The outer surface of each electrode 9 and 10 is insulated by using a coating of epoxy resin covered by a sheet of heat shrink thermoplastic tubing. The lower bare metal flat ends 11 of the electrodes are preferably polished by using alumina to a finish of about 0.3 microns.
Positioned across the lower open end of indicator chamber 3 is a thin membrane 12 of microporous polytetrafluoroethylene. This material has the ability to provide gas diffusion therethrough, while preventing diffusion of liquids.
To hold the membrane 12 against the lower end of the indicator section 2, a cap 13 is threaded on the end of section 2 and the lower end of the cap is provided with an inwardly extending flange 14. A resilient O-ring 15 is positioned between flange 14 and the membrane 12. By threading down cap 13, the membrane 12 will be held tightly against the open lower end of indicator section 2.
As illustrated in FIG. 2, the lower flat or planar end 11 of electrode 9 is spaced slightly above the inner or upper face of membrane 12.
A quantity of pure water is used as the filling solution 16, and is located within the chambers 3 and 5, and the liquid level is indicated by 17. As the filling liquid does not completely fill the chambers 3 and 5, a headspace 18 is provided in chamber 3 above liquid level 17, and similarly a headspace 19 is provided in chamber 5 above the liquid level.
During operation, as will be hereinafter described, dissolved carbon dioxide in the condensate will pass through the membrane 12, and will be dissolved in the filling liquid 16. Over a period of time, the carbon dioxide will be evolved from the liquid into the headspaces 18 and 19, and the invention includes a provision for removing the carbon dioxide from the headspace 18. In this regard, the upper end of indicator section 2 is provided with an annular trough or reservoir 20, which contains a liquid 21 that will react with carbon dioxide to thereby remove the carbon dioxide from the headspace. The carbon dioxide scavenger 21 is preferably an aqueous solution of barium hydroxide, which will readily react with the carbon dioxide to produce insoluble barium carbonate, that will settle to the bottom of the trough 20. The barium hydroxide will remove the carbon dioxide from headspace 18 and produce a decreasing gradient of CO2 in the filling liquid in chamber 3.
A layer of glass wool 22 can be applied to the upper surface of the liquid 21 to prevent the liquid 21 from entering the chamber 3 and possibly contaminating the filling liquid 16.
A suitable vent tube 23 can be connected to the trough 20 to equalize the pressure between the atmosphere and the interior of the chamber 3. As shown in FIG. 2, the lower end of the vertical leg of vent tube 23 is immersed in the liquid 21, while the horizontal leg of the vent tube is exposed to the atmosphere,
The sensor of the invention can be used in a batch system to measure the carbon dioxide content of various bodies of water, but preferably the sensor is utilized to continually measure or monitor the carbon dioxide content in boiler condensate in power plant operation. In this regard, the sensor is mounted in a condensate bleeder line 24 that is connected to the main condensate line through a T-fitting. Suitable valving can be employed to continually feed a portion of the condensate through the bleeder line 24. Located upstream of the sensor 1 is a metering mechanism 25 for feeding an acidic material into the condensate to provide the condensate with a pH of about 4.5, as it flows past the sensor 1. Metering device 25 can be a conventional type and continuously meters an acidic material, preferably citric acid, into the condensate flowing within the bleeder line 24 at a pumping rate necessary to exceed the buffering requirement for carbon dioxide saturated water. In practice, about 5 ml per minute of citric acid can be injected into the line 24, to provide the condensate with a pH of about 4.5. Citric acid is preferred as the buffer, because it is non-volatile, and has a limited number of impurities. The presence of other volatile acidic species, such as acetic, sulfur dioxide and others, could lead to errors in measurement. It has been found that the use of citric acid for pH control will avoid the generation of hydrogen chloride or other active acidic species at the indicator electrode.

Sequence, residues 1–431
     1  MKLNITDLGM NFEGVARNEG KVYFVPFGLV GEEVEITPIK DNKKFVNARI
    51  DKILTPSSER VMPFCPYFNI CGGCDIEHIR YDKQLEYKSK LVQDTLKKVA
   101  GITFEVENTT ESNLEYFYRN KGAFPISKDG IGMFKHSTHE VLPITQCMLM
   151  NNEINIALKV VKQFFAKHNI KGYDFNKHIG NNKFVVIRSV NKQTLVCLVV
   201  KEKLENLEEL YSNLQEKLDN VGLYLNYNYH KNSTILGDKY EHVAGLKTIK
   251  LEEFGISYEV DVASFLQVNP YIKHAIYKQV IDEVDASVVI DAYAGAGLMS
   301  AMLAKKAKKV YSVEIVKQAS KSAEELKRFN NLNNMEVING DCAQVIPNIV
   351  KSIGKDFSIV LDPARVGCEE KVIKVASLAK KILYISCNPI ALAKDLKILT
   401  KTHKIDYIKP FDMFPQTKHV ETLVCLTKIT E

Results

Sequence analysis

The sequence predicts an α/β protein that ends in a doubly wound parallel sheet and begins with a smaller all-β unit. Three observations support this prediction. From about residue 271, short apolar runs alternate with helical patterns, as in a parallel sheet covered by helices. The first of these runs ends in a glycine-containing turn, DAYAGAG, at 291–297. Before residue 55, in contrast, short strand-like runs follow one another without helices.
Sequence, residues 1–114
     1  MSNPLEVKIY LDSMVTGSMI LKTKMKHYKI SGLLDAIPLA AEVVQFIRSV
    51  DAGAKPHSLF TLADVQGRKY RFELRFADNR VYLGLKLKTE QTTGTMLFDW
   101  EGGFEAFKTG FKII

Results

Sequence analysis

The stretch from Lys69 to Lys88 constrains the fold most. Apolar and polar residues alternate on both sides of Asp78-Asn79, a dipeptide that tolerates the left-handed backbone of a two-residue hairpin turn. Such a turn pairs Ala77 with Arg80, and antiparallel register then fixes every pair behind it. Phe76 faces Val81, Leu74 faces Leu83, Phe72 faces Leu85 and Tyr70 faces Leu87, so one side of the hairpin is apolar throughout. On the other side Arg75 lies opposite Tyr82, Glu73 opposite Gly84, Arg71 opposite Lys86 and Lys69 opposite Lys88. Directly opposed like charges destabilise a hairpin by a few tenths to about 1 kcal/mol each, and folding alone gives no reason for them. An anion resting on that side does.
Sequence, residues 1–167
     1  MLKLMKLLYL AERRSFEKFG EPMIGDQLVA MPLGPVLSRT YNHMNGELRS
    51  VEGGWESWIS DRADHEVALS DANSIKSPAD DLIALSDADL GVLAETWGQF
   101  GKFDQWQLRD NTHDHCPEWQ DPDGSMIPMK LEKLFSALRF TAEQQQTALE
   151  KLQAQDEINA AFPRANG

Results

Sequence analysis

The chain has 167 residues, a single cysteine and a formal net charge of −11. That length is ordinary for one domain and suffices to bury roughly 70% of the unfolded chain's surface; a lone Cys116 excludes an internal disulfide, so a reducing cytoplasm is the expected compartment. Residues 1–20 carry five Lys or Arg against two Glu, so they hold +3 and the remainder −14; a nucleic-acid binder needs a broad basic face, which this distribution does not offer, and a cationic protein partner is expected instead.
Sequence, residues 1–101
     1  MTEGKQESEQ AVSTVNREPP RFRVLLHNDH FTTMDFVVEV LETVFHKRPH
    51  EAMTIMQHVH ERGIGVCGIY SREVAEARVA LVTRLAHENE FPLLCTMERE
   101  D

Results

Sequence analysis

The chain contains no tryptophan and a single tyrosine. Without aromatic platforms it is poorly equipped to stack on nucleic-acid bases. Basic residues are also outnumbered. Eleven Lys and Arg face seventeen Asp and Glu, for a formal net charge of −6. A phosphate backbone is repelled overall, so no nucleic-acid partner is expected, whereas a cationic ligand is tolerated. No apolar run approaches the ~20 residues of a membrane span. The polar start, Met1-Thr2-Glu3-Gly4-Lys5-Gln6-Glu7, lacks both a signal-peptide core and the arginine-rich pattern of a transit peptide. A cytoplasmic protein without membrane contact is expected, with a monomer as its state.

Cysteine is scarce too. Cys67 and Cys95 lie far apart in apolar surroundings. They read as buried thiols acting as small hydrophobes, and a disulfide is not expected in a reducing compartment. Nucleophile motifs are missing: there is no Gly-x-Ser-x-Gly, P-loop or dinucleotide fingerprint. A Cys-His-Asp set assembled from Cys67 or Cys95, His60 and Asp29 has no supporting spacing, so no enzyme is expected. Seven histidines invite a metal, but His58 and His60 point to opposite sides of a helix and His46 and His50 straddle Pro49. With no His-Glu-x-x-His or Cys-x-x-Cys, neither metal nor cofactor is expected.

As the buffered condensate flows through line 26 past sensor 1, carbon dioxide dissolved in the condensate will diffuse through the membrane 12. A small, relatively stable film of water is trapped between the electrode end 11 and the inner surface of membrane 12. Changes in carbon dioxide concentration in this water film results in changes of surface potential at the electrode. The change in metal surface oxidative potential resulting from the pH change, will generate an analytical signal in the pH meter indicating the content of the carbon dioxide in the condensate.
The invention thus provides a rapid indication of carbon dioxide content in the sample, and is capable of detecting carbon dioxide limits below 100 ppb, thus permitting the sensor to meet the criteria needed for carbon dioxide monitoring in the power industry.
The barium hydroxide solution in trough 20 will remove the carbon dioxide from the unit and also isolates the electrodes from any atmospheric carbon dioxide.
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|U.S. Classification||205/783, 204/415|
|International Classification||G01N27/28, G01N27/403|
|Cooperative Classification||G01N27/283, G01N27/4035|
|Sep 16, 2002||FPAY||Fee payment|
Year of fee payment: 4
|Oct 23, 2006||FPAY||Fee payment|
Year of fee payment: 8
|Dec 20, 2010||REMI||Maintenance fee reminder mailed|
|May 18, 2011||LAPS||Lapse for failure to pay maintenance fees|
|Jul 5, 2011||FP||Expired due to failure to pay maintenance fee|
Effective date: 20110518